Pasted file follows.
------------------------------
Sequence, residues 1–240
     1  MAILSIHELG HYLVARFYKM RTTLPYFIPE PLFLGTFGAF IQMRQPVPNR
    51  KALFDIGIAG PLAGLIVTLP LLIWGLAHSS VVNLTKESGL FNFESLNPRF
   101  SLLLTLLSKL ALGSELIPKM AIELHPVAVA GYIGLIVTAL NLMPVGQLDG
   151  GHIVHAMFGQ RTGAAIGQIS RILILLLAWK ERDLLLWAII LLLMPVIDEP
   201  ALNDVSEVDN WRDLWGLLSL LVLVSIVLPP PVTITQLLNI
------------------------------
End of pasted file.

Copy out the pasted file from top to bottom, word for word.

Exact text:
Sequence, residues 1–240
     1  MAILSIHELG HYLVARFYKM RTTLPYFIPE PLFLGTFGAF IQMRQPVPNR
    51  KALFDIGIAG PLAGLIVTLP LLIWGLAHSS VVNLTKESGL FNFESLNPRF
   101  SLLLTLLSKL ALGSELIPKM AIELHPVAVA GYIGLIVTAL NLMPVGQLDG
   151  GHIVHAMFGQ RTGAAIGQIS RILILLLAWK ERDLLLWAII LLLMPVIDEP
   201  ALNDVSEVDN WRDLWGLLSL LVLVSIVLPP PVTITQLLNI